A nurse with a kindly face held my hand tightly in the freezing cold pre-theatre room, as the anaesthetist pushed the plunger on his syringe. It felt cold inside my veins, and then the next moment, Mark was standing over me as I woke-up in the recovery room. There was a white pony wandering between the beds, which nobody had noticed, and I told Mark to catch him QUICKLY! Mark walked to the next bed, slipped an imaginary halter on an imaginary pony and turned to me with a look of real-life confusion.
“Tie him up to the end of the bed!” I said with exasperation. “What is it with everybody here”?
I remember feeling excruciating pain as they tried to move me from the hospital trolley to my bed. In a dreamy far-off land, I heard bloodcurdling screams and someone swearing vehemently. Nurses darted about holding tubes, moving wires and issuing commands, as they slid me in ungainly style onto the cold white sheets. Exhausted from pain, I couldn’t catch my breath with the oxygen mask covering my mouth, and was uncertain who or where I was (or even if I still was?) I saw Mark on my right side, jostling for space between the equipment and the nurses; he looked terrified. The nurse showed me how to press a button on the morphine drip for pain relief, then Mark showed me, then the nurses showed me again. “Press the button Elaine” was all I could hear, but I couldn’t understand it. What button? Then nurse Christine with the kind face took charge, and as I pressed the button she winked at me. I wished her Happy New Year before pressing the button again and slipping into cloudy oblivion.
I spent my birthday in hospital, and shared the ‘celebration’ with my new breasts, which were one week old. .I was napping on the bed when a nurse woke me. I’d barely opened my eyes when all the nurses came into the room, carrying a pink iced birthday cake with blazing pink candles, and sang happy birthday. Such a lovely gesture and I was deeply touched by their kindness, but I hated it; I was feeling grumpy and emotional and not in the least like being the centre of attention. I thanked everyone profusely and cut half the cake for them to take to the nurse’s station, but all I wanted was to curl-up, and stop trying to be strong. I knew I should celebrate every day but it was such hard work, and cancer clouded so much. I wanted to ride my horse, and breathe into his soft neck and feel alive again, but here I was, in hospital, on my birthday. It was one of the few times I’ve felt total, wretched despair, and I didn’t know how to climb out of it.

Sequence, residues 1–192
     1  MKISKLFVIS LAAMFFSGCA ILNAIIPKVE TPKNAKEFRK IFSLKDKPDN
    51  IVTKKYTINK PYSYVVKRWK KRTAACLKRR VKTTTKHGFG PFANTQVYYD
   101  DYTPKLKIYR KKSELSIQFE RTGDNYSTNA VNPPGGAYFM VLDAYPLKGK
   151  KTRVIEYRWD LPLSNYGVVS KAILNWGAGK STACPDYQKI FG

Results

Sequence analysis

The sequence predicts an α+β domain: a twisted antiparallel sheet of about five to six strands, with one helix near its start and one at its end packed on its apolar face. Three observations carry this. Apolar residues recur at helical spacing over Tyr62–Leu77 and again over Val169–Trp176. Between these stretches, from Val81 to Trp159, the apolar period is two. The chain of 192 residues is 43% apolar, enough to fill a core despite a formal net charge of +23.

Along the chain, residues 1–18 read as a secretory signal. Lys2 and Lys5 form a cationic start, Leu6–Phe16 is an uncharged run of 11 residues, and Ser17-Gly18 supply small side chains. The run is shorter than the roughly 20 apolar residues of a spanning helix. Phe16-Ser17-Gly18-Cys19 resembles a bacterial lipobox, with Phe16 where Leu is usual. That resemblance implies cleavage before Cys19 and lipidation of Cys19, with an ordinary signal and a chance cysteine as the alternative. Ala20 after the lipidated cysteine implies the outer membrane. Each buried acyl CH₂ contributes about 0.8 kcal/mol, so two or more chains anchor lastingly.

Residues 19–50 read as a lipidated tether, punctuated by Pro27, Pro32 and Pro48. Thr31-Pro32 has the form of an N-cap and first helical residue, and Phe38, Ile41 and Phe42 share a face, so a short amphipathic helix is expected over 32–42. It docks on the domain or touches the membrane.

The despair got worse when the surgical dressings came off, exposing skin as pink as the birthday cake. The right breast reconstruction was neatly shaped, but the left implant sat extremely high, with a weird lopsided overhang at the top. The doctor explained again that the implant would gradually settle into the correct placing, but in later months it became clear this wasn’t going to happen. Eventually the consultant opined radiotherapy and surgery had compromised breast tissue quality, and the implant was unable to move. I knew things weren’t going to look perfect, but I wish I’d known about encapsulation so I could’ve been prepared. It was my first big lesson that you don’t get answers if you don’t know the right questions to ask; a lesson that set me in good stead for the future.